One of the relics of the global financial crisis is that the notion of long-term stocks was dead. Back then, many experts said investors needed to become more nimble going forward or risk being exposed when the next crisis hit.
Thing is from the March 10, 2009, market bottom through July 10, 2020, the SPDR S&P 500 ETF (NYSEARCA:SPY) jumped 456%. That time frame certainly qualifies as “long term” and includes an array of pitfalls for riskier assets. These include the European sovereign debt crisis, the taper tantrum, a trade war with China and the March 2020 slide at the hands of the novel coronavirus.
That SPY performance is proof positive long-term investing isn’t, but what does change over time are the names that qualify as the best long-term stocks. I’m going to use Coca-Cola (NYSE:KO). For generations, the world’s largest soft drink maker would have qualified as a great “set it and forget it” stock.
I’m bringing up Coca-Cola because recently, I saw some folks on Twitter saying the stock only delivered returns of 3% over the past 22 years. Initially, I didn’t believe it. Sure enough, it’s true. Worse yet, an investor that bought Coca-Cola in 1998 would have been down 50% a decade later and needed 15 years just to get back to even. That’s not best long-term stock status.
Good news is there are some names out there today that could be sound set it and forget ideas. Here are a few to consider.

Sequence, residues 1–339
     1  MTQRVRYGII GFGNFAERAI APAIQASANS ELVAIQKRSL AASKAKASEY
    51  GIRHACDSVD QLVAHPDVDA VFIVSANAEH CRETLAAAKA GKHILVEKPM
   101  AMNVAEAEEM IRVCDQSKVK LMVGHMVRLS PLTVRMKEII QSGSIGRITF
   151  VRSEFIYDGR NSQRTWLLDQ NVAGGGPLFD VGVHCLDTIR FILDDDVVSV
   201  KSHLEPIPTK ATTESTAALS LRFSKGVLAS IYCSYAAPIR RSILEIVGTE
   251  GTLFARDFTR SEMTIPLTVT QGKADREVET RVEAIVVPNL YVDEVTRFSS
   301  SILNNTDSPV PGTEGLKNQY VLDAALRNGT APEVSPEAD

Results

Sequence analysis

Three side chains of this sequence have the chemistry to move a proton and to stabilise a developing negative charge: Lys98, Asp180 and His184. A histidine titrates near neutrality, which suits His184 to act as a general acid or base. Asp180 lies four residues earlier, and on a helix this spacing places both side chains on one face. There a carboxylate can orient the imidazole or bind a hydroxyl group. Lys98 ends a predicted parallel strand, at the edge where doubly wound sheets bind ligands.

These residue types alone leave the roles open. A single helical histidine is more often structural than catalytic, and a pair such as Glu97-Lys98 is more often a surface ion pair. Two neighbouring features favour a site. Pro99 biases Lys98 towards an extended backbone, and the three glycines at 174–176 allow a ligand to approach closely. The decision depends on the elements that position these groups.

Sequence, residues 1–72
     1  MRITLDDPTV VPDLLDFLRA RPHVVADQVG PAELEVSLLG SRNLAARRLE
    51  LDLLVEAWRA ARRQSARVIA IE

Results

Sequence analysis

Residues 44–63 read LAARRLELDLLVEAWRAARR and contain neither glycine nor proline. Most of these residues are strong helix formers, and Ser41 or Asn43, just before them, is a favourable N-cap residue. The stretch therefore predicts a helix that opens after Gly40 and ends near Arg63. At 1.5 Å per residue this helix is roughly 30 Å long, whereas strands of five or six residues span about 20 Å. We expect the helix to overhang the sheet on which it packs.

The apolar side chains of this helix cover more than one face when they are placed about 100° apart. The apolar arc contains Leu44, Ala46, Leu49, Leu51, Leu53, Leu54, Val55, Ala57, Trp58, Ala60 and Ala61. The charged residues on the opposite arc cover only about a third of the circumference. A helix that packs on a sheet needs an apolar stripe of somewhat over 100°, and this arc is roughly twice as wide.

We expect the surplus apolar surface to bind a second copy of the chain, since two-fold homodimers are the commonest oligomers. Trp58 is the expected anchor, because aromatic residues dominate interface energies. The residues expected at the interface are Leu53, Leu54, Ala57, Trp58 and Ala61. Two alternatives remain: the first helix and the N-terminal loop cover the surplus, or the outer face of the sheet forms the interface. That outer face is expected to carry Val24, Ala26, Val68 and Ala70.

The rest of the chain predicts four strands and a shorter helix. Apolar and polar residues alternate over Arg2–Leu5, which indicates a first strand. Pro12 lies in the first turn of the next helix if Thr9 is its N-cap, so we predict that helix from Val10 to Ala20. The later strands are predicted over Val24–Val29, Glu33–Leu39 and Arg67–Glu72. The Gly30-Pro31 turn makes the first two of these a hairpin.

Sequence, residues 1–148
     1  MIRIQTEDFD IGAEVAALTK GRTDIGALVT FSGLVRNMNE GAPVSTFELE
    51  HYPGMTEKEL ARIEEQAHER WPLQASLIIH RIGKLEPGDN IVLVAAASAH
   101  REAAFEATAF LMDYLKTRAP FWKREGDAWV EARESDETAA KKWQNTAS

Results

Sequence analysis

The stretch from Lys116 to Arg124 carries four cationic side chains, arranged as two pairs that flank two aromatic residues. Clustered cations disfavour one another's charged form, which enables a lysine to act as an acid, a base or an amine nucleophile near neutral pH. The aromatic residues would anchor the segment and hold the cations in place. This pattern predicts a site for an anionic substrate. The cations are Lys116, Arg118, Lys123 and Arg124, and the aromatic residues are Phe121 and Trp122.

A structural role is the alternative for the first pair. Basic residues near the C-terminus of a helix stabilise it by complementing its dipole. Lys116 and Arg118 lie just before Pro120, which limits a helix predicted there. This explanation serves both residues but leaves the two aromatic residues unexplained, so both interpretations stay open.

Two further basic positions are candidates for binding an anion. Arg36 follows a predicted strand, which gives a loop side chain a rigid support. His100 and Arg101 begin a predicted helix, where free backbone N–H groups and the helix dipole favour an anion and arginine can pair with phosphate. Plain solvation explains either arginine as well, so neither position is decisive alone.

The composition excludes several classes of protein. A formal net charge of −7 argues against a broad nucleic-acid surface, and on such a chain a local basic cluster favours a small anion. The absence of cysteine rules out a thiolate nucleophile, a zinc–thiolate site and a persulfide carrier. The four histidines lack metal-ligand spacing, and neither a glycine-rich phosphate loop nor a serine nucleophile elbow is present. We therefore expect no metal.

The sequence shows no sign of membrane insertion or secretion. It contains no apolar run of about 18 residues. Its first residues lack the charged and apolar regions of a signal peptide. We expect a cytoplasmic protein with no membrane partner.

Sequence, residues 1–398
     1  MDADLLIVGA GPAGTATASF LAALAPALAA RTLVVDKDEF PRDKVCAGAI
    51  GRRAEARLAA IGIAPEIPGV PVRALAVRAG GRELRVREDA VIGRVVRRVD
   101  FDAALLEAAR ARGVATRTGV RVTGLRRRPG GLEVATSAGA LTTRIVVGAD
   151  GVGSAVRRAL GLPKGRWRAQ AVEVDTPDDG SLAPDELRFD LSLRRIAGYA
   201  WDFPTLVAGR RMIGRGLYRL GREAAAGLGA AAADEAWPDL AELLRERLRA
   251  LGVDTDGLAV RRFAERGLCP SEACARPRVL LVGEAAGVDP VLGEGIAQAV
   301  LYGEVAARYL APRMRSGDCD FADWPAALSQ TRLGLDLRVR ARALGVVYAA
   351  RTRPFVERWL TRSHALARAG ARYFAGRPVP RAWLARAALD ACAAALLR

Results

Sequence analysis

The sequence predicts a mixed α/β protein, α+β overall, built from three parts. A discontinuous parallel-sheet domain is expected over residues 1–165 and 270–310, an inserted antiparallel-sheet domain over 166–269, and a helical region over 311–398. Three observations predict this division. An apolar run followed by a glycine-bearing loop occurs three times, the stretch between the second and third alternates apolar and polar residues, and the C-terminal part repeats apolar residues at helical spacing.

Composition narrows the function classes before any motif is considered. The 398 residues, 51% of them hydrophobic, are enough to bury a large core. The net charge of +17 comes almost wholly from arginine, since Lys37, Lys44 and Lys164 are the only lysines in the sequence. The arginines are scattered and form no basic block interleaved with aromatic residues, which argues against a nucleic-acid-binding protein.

Best Long-Term Stocks: Microsoft (MSFT)
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By constructing this list in 2020, it’s almost impossible to leave Microsoft off and not simply because this is the largest domestic company by market capitalization. The company is firing on all cylinders today. And, while MSFT stock is up 49% over the past year, the name is buoyed by an array of positive fundamental factors.
First, a brief history lesson. Microsoft is 45 years old and went public in 1986. At a time when so many investors are smitten with shiny new objects, those factoids could be construed as strikes against Microsoft. Actually, the opposite is true because this middle-aged company is showing it’s adaptable and has levers for growth.
Microsoft is the second-largest cloud computing company, an impressive feat when considering the company didn’t even enter that business until 2020. Today, the Azure unit is one of the fastest-growing cloud computing entities on the market, confirming Microsoft can enter a competition late and still scale its way to dominance.
Adding to the case for Microsoft as one of the best long-term ideas is adaptability nurtured under the stewardship of CEO Satya Nadella. For example, core products such as Microsoft Office 365 used to be sold on a one-off basis. Now, Microsoft runs a more lucrative subscription model. This makes revenue visibility easier to ascertain – a favorable trait for long-term investors.
The combination of strong leadership, a fortress balance sheet and leadership in some trends that are becoming secular tailwinds make MSFT stock an ideal long-term holding for investors of varying demographics and risk tolerances.